Here is the main weakness of the XPG Gammix S10 on display. Sustaining large write blocks at a high transfer rate is just not in the cards for Gen1 IMFT TLC flash. 323 MB/s is slow, slower than a typical SATA SSD, but it's still nearly 50% better than we are getting from Intel's popular 600p 512GB.

Benchmarks – 70/30 Mixed Workload & Sustained Sequential Write

70/30 Mixed Workload Test (Sledgehammer)

Version and / or Patch Used: Iometer 2014

Heavy Workload Model

This test hammers a drive so hard we've dubbed it "Sledgehammer". Our 70/30 Mixed Workload test is designed to simulate a heavy-duty enthusiast/workstation steady-state environment. We feel that a mix of 70% read/30% write, full random 4K transfers best represents this type of user environment. Our test allows us to see the drive enter into and reach a steady state as the test progresses.

Phase one of the test preconditions the drive for 1 hour with 128K sequential writes at QD32. Phase two of the test runs a 70% read/30% write at QD32, full random 4K transfer workload on the drive for 1 hour. We log and chart (phase two) IOPS data at 5-second intervals for 1 hour (720 data points). 60 data points = 5 minutes.

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What we like about this test is that it reflects reality. Everything lines up, as it should. Consumer drives don't outperform Enterprise-Class SSDs that were designed for enterprise workloads. Consumer drives based on old technology are not outperforming modern Performance-Class SSDs, etc.

Actually, this is very good sustained performance for an SSD that doesn't have any OP.

Sustained Sequential Write

Version and / or Patch Used: Iometer 2014

Heavy Workload Model

We write to the drive for 1 hour with 128K sequential writes at QD32. We log and chart megabytes per second data at 5-second intervals for 1 hour (720 data points). 60 data points = 5 minutes.

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Like our transfer test, this test unmasks the sequential write performance of TLC flash arrays. The 512GB Gammix S10 sustains writes at 167 MB/s which is pretty bad. Even so, it's still a bit better than we are getting from the 600p.

Maxed-Out Performance (MOP)

Maxed-Out Performance

This testing is just to see what the drive is capable of in an FOB (Fresh Out of Box) state under optimal conditions. We are utilizing empty volumes of Windows 10 and Windows Server 2008 R2 64-bit for this testing.

Windows 10 MOP

ADATA XPG Gammix S10 512GB M.2 PCIe NVMe SSD

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Windows Server 2008 R2 MOP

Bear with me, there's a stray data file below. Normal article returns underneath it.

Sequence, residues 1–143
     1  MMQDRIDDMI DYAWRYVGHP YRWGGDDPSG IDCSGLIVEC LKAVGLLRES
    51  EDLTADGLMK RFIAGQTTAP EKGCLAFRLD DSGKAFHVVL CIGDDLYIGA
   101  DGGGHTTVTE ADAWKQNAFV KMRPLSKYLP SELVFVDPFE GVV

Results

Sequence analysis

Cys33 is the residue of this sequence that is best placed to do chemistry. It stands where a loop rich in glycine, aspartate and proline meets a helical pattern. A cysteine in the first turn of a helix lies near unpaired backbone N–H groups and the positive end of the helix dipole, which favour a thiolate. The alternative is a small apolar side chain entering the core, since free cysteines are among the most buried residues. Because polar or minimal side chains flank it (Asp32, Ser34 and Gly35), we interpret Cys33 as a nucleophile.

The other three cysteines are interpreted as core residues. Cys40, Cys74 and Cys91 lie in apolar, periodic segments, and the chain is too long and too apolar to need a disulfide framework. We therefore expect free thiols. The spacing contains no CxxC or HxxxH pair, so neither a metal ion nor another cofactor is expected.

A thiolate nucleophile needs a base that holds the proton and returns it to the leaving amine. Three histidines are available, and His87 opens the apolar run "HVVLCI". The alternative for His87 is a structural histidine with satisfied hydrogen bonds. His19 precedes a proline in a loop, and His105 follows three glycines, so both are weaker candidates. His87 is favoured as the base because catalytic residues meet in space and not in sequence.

ADATA XPG Gammix S10 512GB M.2 PCIe NVMe SSD

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Final Thoughts

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We have a tendency to value performance above all, because it is exciting. To gain a proper perspective on ADATA's XPG Gammix S10, we need to take a step back from our enthusiast views and see the XPG Gammix S10 for what it brings to the table. The XPG Gammix S10 actually represents what most everyday consumers are looking for. Fast enough, good quality and the best value available.

The XPG Gammix S10 delivers to the consumer the lowest cost 4-lane NVMe SSD on the market. The XPG Gammix S10 has all the latest features, like LDPC ECC, SLC caching, data shaping, and a RAID engine for the ultimate in data protection. When you buy an XPG Gammix S10, you get more than just a capable drive, you get two great value adds - Acronis cloning software and ADATA's comprehensive SSD Toolbox.

Too top it off, the XPG Gammix S10 is in our opinion the best-looking M.2 solution on the market. The thin but substantial and very functional aluminum heat sink really brings the bling while providing on average 10c lower temps. Even the packaging is top notch. You can feel the quality in your hand. Additionally, ADATA backs the XPG Gammix S10 with an industry leading 5-year warranty.

In terms of value, the XPG Gammix S10 checks all the boxes. In terms of performance the XPG Gammix S10 isn't going to light the world on fire. But for most, the performance delivered is more than sufficient for most. The XPG Gammix S10 is much faster than SATA SSDs for everyday use, faster (and significantly cheaper) than Intel's popular 600p and it comes in the most popular form-factor - M.2 x 2280. No data or power cables, it just integrates onto your motherboard with a single screw.

In terms of user experience, the S10 Gammix delivers the goods quite well. The speed and responsiveness it delivers over SATA is noticeable from the first time you boot. Overall, we are pleased with the time we spend running the XPG Gammix as our system disk. With these things in mind, ADATA's XPG Gammix S10 is TweakTown recommended.

Pros:

  • Overall Value
  • Sleek Design
  • Lowest Price Point

Cons:

  • Random Read Performance
TweakTown award
Performance85%
Quality97%
Features95%
Value100%
Overall94%

The Bottom Line: For the average user, ADATA's XPG Gammix S10 represents the best 4-lane value on the market today.

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Jon became a computer enthusiast when Windows XP launched. He was into water cooling and benching ATI video cards with modded drivers. Jon has been building computers for others for more than 10 years. Jon became a storage enthusiast the day he first booted an Intel X25-M G1 80GB SSD. Look for Jon to bring consumer SSD reviews into the spotlight.

We openly invite the companies who provide us with review samples / who are mentioned or discussed to express their opinion. If any company representative wishes to respond, we will publish the response here. Please contact us if you wish to respond.